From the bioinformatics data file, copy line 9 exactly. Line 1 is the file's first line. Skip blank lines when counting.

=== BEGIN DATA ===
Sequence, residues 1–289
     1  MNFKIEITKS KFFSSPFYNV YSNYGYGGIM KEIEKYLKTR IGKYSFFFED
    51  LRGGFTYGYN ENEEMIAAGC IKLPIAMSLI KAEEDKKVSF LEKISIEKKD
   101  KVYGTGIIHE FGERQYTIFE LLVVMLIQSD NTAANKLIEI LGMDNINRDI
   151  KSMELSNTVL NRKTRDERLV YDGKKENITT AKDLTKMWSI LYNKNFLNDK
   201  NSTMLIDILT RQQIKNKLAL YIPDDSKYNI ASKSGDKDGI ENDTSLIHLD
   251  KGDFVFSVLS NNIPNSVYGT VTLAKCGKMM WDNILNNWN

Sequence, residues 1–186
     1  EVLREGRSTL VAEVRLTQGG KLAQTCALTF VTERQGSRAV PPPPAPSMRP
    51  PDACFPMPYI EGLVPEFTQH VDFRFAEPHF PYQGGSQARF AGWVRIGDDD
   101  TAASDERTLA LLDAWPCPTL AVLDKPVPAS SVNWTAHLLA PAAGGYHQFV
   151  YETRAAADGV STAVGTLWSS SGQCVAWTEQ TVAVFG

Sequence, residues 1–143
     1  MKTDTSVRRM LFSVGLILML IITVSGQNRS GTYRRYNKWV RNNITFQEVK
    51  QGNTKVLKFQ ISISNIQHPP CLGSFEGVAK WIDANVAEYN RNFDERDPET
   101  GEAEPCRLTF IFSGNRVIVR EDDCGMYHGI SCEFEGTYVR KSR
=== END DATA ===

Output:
     1  EVLREGRSTL VAEVRLTQGG KLAQTCALTF VTERQGSRAV PPPPAPSMRP